Israeli women from the Ethiopian Jewish community pray during the Sigd holiday marking the desire to ‘return to Jerusalem’, as they celebrate from a hilltop in the holy city overlooking the Temple Mount, on November 16, 2017. Sigd used to mark the aspirations of Ethiopian Jews to go to Jerusalem and nowadays the festivity is celebrated in Jerusalem with thousands of Ethiopians from all over Israel congregating to pray together, led by their religious leaders, the ‘Kessim’ who recites prayers while they overlook the old city of Jerusalem. / AFP PHOTO / GALI TIBBON

Sigd: Celebrating the History and Culture of Ethiopian Jewry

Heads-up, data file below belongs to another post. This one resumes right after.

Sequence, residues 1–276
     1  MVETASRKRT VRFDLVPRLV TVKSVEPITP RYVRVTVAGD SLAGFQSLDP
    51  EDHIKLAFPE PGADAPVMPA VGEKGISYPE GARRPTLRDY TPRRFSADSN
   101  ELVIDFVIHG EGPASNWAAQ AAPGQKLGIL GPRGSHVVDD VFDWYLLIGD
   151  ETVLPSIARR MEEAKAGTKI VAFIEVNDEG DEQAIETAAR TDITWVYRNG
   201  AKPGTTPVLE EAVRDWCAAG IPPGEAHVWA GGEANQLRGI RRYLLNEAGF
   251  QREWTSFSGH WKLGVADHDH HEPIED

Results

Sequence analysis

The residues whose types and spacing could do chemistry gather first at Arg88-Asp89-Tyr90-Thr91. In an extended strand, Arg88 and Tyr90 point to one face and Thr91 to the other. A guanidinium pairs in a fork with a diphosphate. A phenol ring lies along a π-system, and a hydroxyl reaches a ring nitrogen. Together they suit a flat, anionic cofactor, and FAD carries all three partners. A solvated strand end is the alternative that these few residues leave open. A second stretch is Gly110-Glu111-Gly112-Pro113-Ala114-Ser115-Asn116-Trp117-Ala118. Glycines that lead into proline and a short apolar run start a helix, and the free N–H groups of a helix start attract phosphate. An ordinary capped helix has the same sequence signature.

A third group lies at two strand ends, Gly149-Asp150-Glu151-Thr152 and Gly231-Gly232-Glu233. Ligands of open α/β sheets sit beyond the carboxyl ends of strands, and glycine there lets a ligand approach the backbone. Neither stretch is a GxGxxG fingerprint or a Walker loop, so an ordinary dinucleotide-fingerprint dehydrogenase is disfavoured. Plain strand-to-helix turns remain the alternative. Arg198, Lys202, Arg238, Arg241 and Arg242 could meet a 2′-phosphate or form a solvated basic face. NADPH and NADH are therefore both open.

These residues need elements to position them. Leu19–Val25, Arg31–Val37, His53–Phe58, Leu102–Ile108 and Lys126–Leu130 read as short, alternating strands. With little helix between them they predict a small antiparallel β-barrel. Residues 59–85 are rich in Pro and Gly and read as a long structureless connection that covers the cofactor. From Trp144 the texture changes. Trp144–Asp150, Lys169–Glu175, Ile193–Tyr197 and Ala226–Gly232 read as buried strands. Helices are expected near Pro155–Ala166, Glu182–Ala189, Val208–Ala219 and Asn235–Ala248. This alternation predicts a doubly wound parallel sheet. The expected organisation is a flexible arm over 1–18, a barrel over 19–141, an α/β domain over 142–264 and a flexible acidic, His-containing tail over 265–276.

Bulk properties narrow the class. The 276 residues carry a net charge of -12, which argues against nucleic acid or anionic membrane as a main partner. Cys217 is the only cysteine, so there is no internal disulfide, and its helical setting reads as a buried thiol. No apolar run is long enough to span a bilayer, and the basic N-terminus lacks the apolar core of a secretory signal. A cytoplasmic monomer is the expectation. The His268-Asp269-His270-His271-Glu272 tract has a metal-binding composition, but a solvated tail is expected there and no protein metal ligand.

Share on facebook
Share on twitter
Share on email

We’re Curious...

This coming week, the Ethiopian Jewish community will celebrate Sigd, an ancient holiday that is observed 50 days after Yom Kippur. “Sigd” means “prostration” in Ge’ez, an ancient Ethiopian liturgical language, and is related to the Aramaic word “sged” (“to prostrate oneself”). Historically, on Sigd, Jews living in Ethiopia would mark the renewal of the covenant between God and the Jewish people and pray to return to Jerusalem.

Now that a majority of Ethiopian Jews live in Israel, the community marks this holiday by gath...

Unlock these resources with a free account

Don’t have an account? Sign up now

A division of

Legal Privacy Policy © 2022 All rights reserved

By using this website, you agree to our use of cookies. We use cookies to provide you with a great experience and to help our website run effectively.